1. The other major part is the promise in Genesis 3:15: the seed of the woman.

ther beginning of days, nor end of life; but made like unto the Son of God; abideth a priest continually’ (Heb. 7:3).  Furthermore, as the author of the Epistle to the Hebrews makes clear, the Mosaic priesthood in the tribe of Levi was representatively subordinate to a higher priesthood, one established apart from any family.  Jesus Christ, a son of Judah rather than Levi, traced His priestly office to Melchizedek, not to Levi or Aaron.  His is a higher priesthood than theirs, for Melchizedek’s was.

     When the Epistle to the Hebrews equates the priestly office of Jesus Christ with the priesthood of Melchizedek, it makes a very important ecclesiastical point.  The authority of the church in dispensing the sacraments of bread and wine, which Melchizedek gave to Abraham (Gen. 14:18), is not derived from the priestly office under the Mosaic Covenant.  The Melchizedekan priesthood is judicially superior to the Levitical.  “Levi also, who receiveth tithes, payed tithes in Abraham.  For he was yet in the loins of his father, when Melchisedec met him” (Heb. 7:9b-l0).  The New Covenant’s communion meal is the restoration of the Old Covenant’s covenantal feast of Salem.  The Lord’s Supper is analogous judicially to the Passover, but the bread and wine of Melchizedek had greater authority than Passover.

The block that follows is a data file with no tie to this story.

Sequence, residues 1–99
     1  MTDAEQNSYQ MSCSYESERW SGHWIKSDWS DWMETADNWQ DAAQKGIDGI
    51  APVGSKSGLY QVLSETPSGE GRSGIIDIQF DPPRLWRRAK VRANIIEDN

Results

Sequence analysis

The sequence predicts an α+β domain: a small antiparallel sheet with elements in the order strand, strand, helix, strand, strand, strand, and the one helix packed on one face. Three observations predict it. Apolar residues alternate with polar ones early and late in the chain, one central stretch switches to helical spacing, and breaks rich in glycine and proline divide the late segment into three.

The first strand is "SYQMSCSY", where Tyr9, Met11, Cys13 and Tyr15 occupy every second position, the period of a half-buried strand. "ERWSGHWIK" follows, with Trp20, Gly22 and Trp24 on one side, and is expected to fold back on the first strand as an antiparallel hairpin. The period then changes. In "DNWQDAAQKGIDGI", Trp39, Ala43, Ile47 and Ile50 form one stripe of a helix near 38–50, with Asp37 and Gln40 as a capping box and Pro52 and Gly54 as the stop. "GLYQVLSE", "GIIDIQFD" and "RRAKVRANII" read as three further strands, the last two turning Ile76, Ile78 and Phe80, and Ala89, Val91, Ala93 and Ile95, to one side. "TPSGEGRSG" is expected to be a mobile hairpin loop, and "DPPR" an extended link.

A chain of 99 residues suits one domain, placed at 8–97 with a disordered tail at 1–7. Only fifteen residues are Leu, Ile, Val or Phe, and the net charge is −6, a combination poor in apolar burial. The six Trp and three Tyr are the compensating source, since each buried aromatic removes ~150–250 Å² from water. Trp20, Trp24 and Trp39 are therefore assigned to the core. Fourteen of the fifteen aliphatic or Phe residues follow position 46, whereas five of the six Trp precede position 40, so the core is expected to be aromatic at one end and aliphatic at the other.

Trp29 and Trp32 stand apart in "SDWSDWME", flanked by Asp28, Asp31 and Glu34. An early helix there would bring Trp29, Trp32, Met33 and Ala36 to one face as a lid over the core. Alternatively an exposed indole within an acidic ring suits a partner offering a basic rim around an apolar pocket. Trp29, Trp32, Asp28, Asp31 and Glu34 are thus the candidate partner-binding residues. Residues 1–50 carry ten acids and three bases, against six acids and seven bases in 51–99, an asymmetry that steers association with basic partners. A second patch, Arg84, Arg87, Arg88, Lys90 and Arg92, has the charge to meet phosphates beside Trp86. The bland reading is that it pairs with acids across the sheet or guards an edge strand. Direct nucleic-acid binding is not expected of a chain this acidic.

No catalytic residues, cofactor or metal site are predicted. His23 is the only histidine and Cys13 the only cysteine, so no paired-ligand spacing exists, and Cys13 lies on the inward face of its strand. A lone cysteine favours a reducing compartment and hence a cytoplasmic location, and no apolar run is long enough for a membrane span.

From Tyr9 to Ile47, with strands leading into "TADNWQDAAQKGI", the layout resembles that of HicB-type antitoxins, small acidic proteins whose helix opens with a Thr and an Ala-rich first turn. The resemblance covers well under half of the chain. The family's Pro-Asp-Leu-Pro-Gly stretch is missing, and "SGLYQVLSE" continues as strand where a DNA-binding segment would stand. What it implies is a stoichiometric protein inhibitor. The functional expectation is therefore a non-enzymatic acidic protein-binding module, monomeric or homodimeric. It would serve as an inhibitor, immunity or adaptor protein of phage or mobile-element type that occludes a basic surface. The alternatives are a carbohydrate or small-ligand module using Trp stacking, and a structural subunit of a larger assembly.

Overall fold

In our day, it is common to hear Christians dismiss as “Mosaic” the requirement that they tithe a tenth of their income to God.  They claim that as Christians, they are not under the Mosaic law, and so they are not under the Mosaic obligation to pay tithes.  But the New Testament does not ground the tithe on the Mosaic law.  On the contrary, Hebrews 7 establishes the authority of Jesus Christ’s high priestly office in terms of Melchizedek’s collection of the tithe from Abraham.  The superiority of the New Covenant to the Old Covenant is seen in Abraham’s payment of his tithe to Melchizedek – a representative judicial act of submission in the name of Israel and his son Levi.  Any attempt to escape the obligation of the tithe is an assault on the New Covenant’s High Priest, Jesus Christ.

The Authority of the Institutional Church

     To undercut the institutional church’s source of funding is to compromise the testimony of the church as the inheritor of the Abrahamic promises.  This weakens the church’s authority.  Anything that weakens the legitimate authority of the institutional church necessarily establishes one of the other two covenantal institutions as a rival, either the family or the State.2  The authority of the institutional church to collect the tithe is the most important economic mark of its God-delegated sovereignty.